You've still got just enough time to dash off a holiday letter and get it into the mail to 100 of your closest friends and family. Need some inspiration and/or encouragement? Here's a great article written by my friend Bonita! (This is from her weekly encouraging email for writers. Information on how to subscribe is below.)
The Holiday Letter
By Bonita Lillie
(Encouraging Words for Writers #93)
Have you ever received one of those holiday letters that was so depressing that you felt guilty for celebrating? It reads something like this: I gained 300 pounds. The house burned down. Everyone lost their jobs. Everyone died. Happy Holidays! It makes you wonder if they are really writing to wish you a happy holiday or if they are soliciting pity and prayers.
When it comes to holiday letters a few simple guidelines will make your letter the one everyone can’t wait to read.
Keep it short. People are busy during the holidays. Keep it to one page, maybe two pages if you have a large family or an extraordinary year.
Hit the highlights. If your letter is multiple pages of miniscule type, it’s too long. No one leads a life so interesting that it requires a book to report on a single year. Touch on the main events. If someone wants to know more details they will contact you and let you know.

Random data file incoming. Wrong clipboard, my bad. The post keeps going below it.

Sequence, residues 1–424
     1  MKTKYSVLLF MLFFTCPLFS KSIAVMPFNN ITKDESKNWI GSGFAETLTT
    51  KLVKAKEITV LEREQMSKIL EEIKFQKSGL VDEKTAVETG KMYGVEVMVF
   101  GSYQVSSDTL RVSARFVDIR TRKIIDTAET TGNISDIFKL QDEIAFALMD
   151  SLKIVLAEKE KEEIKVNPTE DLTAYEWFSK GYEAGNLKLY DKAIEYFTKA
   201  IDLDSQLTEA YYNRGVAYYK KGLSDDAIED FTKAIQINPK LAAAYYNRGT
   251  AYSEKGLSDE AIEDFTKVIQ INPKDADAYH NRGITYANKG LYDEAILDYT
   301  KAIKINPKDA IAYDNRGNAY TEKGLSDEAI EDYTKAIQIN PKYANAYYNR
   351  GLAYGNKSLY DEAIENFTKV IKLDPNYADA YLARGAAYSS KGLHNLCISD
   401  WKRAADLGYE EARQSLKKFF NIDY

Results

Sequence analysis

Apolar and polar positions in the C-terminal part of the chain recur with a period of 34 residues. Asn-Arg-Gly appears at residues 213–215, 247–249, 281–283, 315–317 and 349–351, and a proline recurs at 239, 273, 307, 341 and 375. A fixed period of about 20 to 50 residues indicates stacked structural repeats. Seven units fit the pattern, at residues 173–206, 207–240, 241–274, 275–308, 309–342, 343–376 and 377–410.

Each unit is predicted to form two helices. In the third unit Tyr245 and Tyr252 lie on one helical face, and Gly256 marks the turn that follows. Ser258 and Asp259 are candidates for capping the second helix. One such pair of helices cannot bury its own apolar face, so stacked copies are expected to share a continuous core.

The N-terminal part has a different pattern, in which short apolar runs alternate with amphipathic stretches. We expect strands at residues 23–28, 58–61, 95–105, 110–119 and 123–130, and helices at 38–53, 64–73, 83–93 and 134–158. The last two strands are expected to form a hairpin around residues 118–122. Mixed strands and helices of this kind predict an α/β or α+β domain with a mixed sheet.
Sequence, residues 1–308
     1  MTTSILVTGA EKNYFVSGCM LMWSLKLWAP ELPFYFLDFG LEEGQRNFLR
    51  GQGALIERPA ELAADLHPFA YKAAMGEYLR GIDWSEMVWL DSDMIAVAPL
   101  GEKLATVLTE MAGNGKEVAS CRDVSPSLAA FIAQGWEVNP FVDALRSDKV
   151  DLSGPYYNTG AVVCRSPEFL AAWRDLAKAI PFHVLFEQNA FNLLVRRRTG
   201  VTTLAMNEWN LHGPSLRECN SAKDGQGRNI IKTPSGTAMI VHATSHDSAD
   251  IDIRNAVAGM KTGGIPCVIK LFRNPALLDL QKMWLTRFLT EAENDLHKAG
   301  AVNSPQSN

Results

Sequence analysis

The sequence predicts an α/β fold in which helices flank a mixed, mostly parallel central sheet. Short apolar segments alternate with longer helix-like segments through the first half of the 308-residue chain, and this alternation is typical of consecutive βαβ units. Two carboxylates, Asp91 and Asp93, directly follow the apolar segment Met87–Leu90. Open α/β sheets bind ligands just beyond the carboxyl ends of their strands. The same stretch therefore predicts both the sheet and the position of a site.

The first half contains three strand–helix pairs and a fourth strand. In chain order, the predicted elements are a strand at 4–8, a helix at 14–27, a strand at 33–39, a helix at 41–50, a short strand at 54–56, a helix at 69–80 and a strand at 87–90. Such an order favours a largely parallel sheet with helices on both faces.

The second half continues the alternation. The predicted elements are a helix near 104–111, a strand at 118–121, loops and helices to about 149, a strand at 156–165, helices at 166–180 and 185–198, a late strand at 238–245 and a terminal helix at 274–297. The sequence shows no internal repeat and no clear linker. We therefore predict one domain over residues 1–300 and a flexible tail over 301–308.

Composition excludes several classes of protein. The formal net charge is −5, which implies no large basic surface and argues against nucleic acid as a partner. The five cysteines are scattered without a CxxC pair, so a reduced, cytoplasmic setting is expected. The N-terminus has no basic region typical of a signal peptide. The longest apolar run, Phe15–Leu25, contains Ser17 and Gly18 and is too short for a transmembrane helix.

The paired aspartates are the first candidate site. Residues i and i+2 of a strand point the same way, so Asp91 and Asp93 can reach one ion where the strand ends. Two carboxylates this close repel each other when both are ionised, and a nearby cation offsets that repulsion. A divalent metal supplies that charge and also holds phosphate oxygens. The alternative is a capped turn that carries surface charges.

Be creative. I always look forward to a particular friend’s letter because her kids actually make a newspaper, one side front and back. It includes pictures and “headline” stories from their life.
Think outside the box when creating your letter, or at the very least print it on cute paper. Don’t forget other options like sending it by email or posting it on your blog.
Add some humor. You don’t have to be a slapstick comedian, but keep the letter lighthearted. Who doesn’t need a little chuckle during the holiday season?
Stay positive. Even if you’ve had the year from down under, find the redeeming qualities, the lessons learned, or comment on your hopes for the future. Heed the message in Luke 2:10: …I bring you good news of great joy that will be for all the people. Regardless of what you’ve personally endured, you can still share the good news of the gospel. Remember the reason for the season.
Send it on time. After Christmas the umph goes out and it’s not nearly so exciting to receive a holiday letter after the holiday. If you can’t get it together for Christmas, consider writing a New Year’s letter. If you’re an early bird, make it a Thanksgiving letter. If the whole holiday season leaves you gasping for air, opt for a less busy time. It’s okay to send an annual fourth of July letter or an Easter letter instead.
Write it. Regardless of what you write in the letter, take the time to write one at least once a year. People are treasures and it’s so important to keep in touch, especially with loved ones. Write that letter!
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